British Prime Minister Boris Johnson faced resistance over plans to require vaccinations in certain venues to stem the fast spread of the Covid-19 Omicron variant, as dozens of lawmakers from his own Conservative Party voted against the measure Tuesday. Despite the rebellion of around 100 Conservative lawmakers, so-called vaccine passports will come into force Wednesday in England after the opposition Labour Party backed the measure. Voting in favor were 369 lawmakers, with 126 voting against. The unexpectedly large revolt spoke to the unease among some Conservative Party lawmakers about the new rules, which will require proof of vaccination or a negative test for people to access nightclubs and other large venues. It also underscores growing unrest over Mr. Johnson’s leadership, after his party slumped in the polls following a series of scandals. This week, British authorities estimated that infections caused by Omicron are at about 200,000 a day in the U.K. and are doubling roughly every two to three days. Data on Tuesday night showed that Omicron is now the dominant Covid-19 variant in London and accounts for 5,346 confirmed Covid-19 cases across the U.K. In response, Mr. Johnson said people should work from home, among other measures including wearing face masks in certain venues. He is now betting that a rapid-fire booster vaccination drive will keep the virus under control and restrictions to a minimum. The government plans to offer a shot to every adult in the country by year’s end, a goal that would require administering the vaccine to roughly one million Britons a day. However, the government’s online vaccine-booking system was overwhelmed and repeatedly crashed Monday. The National Health Service’s previous record for daily vaccinations was 756,000 in March. “To hit the pace we need, we’ll need to match the NHS’s best vaccination day yet—and then beat it day after day, Mr. Johnson said in a recent address to the nation. Omicron’s spread in the U.K. resurfaces a familiar conundrum for Mr. Johnson as he weighs the necessity of rapid public intervention against his desire to keep the country as open as possible. In previous waves of the pandemic, Mr. Johnson has held off longer than European leaders before imposing restrictions. Tuesday night’s rebellion points to the challenge Mr. Johnson faces if he has to further tighten restrictions. Some Conservative lawmakers say they want parliament recalled from its Christmas recess to scrutinize any new restrictions if they are introduced. “He is so concerned now with not doing anything that might see him accused of closing down the economy, he is actually preventing himself from using some pretty obvious tools in the toolbox, especially in terms of social distancing, says Tim Bale, professor of politics at Queen Mary, University of London. A spokesman for the British government said the current response was a “proportionate and balanced approach while the government awaited more scientific evidence about the variant. Unlike in previous Covid waves, Mr. Johnson is coming into the latest one politically hobbled. Until a couple of months ago, he was comfortably ahead of Labour in the polls and dominant over his own party after securing a large majority in a 2019 election and presiding over a rapid vaccine rollout earlier this year. Scandals have since dented the Conservatives’ popularity. As of Monday, the Conservative Party was five points behind Labour, according to pollster Ipsos Mori. The source of disquiet is mainly internal politicking. In November, Mr. Johnson blocked the suspension of a fellow Conservative lawmaker who was found to have broken parliamentary lobbying rules. Following an outcry in Parliament, the government subsequently reversed that decision, and the lawmaker quit. Separately, an internal probe is under way into whether staff in Downing Street broke lockdown rules last Christmas by allegedly holding several parties. Over the weekend, an image was published in local media of Mr. Johnson on a video call last year sitting next to two aides—one of whom is wearing tinsel round his neck—reading out quiz questions. Mr. Johnson denies breaking any rules. The probe’s findings are due to be published this week. Mr. Johnson’s personal rating has fallen to record lows. Currently, 66% of Britons have an unfavorable opinion of him, according to pollster YouGov. Following his election victory in 2019 Mr. Johnson has a working majority of 85 in the House of Commons. The rebellion of around 100 lawmakers means that he was reliant on opposition Labour Party support to put in place vaccine certificates. The midterm slump in the polls is a warning sign for a leader who is backed by his lawmakers largely because of his ability to win elections, pollsters say. “The question is whether it is a blip or a trend, says Robert Hayward, a Conservative member of the House of Lords and pollster. “We won’t know until mid to late January. Officials and some lawmakers in the ruling party say Mr. Johnson isn’t in any imminent political danger. Still, Conservative lawmakers are nervously eyeing a tightly contested vote Thursday in the district of North Shropshire, worried that a loss might reflect a turn by the electorate against their leader. Omicron is likely to pull the public’s gaze away from Westminster and provide Mr. Johnson with some respite following weeks of negative headlines, says Mr. Hayward. The British military is being dispatched to help manage the booster-vaccine campaign, which now includes 3,000 vaccination centers across the U.K. A recruitment drive is under way to find volunteers to administer injections. Currently 41% of Britons aged 12 or over have had boosters. “People will now be focused on their health and their families, says Mr. Hayward. Download.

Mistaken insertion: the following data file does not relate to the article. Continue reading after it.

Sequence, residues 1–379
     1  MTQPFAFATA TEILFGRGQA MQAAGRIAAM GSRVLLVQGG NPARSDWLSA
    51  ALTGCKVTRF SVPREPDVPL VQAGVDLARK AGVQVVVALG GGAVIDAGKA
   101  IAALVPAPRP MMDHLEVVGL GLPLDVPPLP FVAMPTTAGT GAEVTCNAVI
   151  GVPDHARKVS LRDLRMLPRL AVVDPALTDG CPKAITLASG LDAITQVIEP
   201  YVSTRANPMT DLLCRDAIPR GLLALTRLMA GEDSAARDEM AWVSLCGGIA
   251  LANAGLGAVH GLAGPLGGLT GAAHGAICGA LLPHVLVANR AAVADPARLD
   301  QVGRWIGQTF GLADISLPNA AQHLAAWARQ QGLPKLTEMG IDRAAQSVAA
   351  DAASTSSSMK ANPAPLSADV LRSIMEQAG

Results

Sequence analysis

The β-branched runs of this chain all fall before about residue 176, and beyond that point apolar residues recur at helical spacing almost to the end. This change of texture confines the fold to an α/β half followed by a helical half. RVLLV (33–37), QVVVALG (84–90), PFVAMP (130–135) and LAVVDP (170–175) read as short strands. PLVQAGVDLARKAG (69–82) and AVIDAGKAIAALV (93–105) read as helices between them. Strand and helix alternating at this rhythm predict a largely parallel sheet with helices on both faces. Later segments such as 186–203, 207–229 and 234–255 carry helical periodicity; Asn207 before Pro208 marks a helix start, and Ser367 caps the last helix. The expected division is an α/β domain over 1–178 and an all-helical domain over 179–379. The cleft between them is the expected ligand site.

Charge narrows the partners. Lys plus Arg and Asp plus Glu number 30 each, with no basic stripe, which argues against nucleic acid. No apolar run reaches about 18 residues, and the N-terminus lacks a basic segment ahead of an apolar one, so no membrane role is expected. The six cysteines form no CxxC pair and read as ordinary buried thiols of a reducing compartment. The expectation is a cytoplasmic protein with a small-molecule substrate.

politics 2021-12-15 Livemint